I was five and the girl with orange hair wanted me to play at her house. She lived higher up the hill on our sparsely traveled road. Arrangements were made and their 1970’s automotive behemoth arrived at the agreed upon time. The girl bounced with excitement on the cavernous back seat. Forgotten seat belt latches were stuffed deeply into crumb filled crevices. Her skin was paler than mine and stained with brown specks like the ones flies leave behind on white walls. She hugged my arm like a cobra when I sat next to her. I expected her to feel hot, like a campfire or a stove burner. Instead, she was eerily cool and slick with sweat.
Her mother reversed out of the driveway with two little girls entwined in back while my mother waved goodbye. I realized the window above my head was halfway open. Without a second thought, I squeezed my body head first through the opening of the moving car. The orange haired girl screamed. Brakes were forcefully engaged. My mother pulled the remainder of my upside down torso through the window and stood me on the roadside.
She asked what I had been thinking and told me I could have been run over by the moving car. I told her that I was not thinking. I just did not want to play. I turned my back on the disappointed girl and the worried mothers and went inside to resume what I had been doing before they arrived.
After Xander was born, the memory of this failed play date replayed unexpectedly. It gained a life of its own, filling the space where anxiety had been. When Xander slept through the night too soon, I suspected. When he was content being left alone, I worried. When his baby vocalizations contained more vowels than consonants, I was quite sure. When he failed to respond to his name, when he lost the few words he had spoken, when his toenail turned black from an injury without a cry of pain, I became numb. When his only smiles were for spinning objects and were accompanied by profound silence and flapping hands, I knew.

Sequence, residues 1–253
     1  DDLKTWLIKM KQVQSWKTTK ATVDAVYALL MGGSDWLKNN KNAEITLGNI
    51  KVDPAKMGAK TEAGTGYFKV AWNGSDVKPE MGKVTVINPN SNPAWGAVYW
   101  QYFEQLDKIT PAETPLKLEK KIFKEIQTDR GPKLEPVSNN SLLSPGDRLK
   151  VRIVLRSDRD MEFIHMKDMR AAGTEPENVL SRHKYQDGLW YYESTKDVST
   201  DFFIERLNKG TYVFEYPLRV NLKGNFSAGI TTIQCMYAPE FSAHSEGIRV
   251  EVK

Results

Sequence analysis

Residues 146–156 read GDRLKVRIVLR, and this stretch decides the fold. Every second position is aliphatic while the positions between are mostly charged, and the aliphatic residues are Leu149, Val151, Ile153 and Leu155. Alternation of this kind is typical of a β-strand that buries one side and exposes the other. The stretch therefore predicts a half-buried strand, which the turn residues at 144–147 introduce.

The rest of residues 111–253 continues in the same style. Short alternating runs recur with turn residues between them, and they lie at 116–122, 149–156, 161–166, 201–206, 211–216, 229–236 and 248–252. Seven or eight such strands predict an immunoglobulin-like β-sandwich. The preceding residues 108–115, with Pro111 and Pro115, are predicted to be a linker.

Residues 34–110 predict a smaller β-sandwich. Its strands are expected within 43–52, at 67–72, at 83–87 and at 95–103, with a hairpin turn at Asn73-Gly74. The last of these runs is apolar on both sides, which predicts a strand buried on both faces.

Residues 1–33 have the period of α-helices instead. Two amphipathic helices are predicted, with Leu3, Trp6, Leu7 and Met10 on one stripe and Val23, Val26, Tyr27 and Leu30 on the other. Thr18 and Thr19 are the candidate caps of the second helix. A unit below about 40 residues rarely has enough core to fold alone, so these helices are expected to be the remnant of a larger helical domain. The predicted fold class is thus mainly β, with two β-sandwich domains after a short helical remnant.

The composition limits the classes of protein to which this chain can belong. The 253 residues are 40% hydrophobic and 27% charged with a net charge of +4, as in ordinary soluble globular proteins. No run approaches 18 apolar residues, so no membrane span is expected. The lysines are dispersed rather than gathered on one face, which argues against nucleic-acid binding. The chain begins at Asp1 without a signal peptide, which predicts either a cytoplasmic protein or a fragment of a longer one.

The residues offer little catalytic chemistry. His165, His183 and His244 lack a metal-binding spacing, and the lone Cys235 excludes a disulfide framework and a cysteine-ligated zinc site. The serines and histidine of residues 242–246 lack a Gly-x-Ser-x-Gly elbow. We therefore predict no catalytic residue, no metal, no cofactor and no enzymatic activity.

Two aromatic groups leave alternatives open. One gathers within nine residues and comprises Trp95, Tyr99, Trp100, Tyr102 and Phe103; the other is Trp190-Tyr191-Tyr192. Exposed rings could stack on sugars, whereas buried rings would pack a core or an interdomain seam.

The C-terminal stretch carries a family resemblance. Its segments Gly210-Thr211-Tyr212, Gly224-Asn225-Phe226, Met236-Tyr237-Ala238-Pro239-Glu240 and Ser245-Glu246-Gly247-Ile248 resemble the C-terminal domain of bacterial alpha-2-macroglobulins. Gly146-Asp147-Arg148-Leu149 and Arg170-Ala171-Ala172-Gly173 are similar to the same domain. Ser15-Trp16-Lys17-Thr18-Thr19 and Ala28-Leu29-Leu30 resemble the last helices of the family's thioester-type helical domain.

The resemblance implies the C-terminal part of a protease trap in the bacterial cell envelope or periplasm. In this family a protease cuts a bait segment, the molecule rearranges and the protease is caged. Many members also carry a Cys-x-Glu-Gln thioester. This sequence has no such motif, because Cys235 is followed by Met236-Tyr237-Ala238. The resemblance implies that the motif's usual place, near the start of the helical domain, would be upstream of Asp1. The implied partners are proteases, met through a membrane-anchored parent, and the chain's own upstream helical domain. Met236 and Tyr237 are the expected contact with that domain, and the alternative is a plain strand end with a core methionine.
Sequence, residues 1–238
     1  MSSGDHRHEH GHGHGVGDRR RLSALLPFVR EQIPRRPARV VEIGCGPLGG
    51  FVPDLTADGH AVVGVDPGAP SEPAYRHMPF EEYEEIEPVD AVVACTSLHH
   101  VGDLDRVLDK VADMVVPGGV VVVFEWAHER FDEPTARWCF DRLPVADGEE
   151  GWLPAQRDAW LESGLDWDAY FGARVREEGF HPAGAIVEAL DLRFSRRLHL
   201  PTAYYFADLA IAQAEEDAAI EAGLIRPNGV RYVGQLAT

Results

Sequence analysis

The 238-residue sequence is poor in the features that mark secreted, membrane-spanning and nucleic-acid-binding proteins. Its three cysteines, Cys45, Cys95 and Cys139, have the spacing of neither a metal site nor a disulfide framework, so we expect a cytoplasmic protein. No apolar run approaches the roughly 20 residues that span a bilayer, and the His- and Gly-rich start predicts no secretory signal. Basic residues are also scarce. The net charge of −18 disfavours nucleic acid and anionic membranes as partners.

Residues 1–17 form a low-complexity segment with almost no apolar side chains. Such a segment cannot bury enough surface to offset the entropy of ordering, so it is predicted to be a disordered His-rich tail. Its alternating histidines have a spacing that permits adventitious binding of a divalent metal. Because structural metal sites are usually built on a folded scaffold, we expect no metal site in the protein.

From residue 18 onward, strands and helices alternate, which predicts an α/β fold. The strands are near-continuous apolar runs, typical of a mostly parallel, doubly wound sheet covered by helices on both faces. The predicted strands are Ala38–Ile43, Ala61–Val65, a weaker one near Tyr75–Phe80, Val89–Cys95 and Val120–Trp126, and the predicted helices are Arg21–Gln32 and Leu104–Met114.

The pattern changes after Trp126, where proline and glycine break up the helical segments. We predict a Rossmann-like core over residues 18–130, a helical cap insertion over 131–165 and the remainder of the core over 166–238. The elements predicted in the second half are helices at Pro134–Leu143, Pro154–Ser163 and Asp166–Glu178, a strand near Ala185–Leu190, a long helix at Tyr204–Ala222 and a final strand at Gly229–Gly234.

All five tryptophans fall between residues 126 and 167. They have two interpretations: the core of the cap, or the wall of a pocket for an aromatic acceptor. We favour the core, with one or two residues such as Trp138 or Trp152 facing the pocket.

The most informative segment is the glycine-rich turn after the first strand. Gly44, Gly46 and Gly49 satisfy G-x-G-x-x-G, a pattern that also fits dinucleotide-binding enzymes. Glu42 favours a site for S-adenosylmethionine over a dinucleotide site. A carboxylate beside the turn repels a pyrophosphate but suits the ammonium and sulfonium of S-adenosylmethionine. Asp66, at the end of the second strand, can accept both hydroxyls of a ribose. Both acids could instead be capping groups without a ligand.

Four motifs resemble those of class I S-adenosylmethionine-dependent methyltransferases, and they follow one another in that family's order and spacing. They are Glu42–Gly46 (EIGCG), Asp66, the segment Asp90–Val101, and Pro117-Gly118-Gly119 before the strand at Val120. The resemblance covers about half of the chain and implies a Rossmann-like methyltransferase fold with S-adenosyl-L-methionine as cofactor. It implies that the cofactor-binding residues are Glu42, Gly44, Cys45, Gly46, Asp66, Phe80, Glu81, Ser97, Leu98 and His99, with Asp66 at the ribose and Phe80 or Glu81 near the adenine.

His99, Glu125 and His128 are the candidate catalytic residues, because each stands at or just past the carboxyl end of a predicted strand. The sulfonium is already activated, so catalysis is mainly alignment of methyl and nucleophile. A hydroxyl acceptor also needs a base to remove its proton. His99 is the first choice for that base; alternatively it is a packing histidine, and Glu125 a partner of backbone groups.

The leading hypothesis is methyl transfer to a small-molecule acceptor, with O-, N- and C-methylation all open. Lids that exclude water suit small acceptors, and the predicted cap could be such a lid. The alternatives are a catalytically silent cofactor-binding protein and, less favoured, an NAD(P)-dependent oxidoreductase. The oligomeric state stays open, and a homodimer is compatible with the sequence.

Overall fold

No practitioner wanted to deliver a diagnosis of Autism to a child younger than two years old. The first gave an all clear developmentally. The next found scattered delays. The third was presented with my vehement assertions as I stood shaking in front of her desk. I was an experienced player in this game, with extensive field testing. I knew I was right. She diagnosed Xander with Autism at seventeen months of age.
I haunted the agencies that had helped Connor. I annoyed the Department of Health with daily phone calls. I cried and begged without consideration of pride. A program for toddlers was started at Connor’s school and Xander was first on the list. He was nineteen months old.
Xander attended the program every morning. Eric and I took turns driving the 35 minute commute. He was too young to ride a bus. The memory of the orange haired girl was a frequent visitor in my unstable mind. The car was backing out of the driveway again. I wanted to rewind to the familiar. Like the child I no longer thought I was, I did not want to think. I fantasized about discovering an open window. I did not want to play the game again.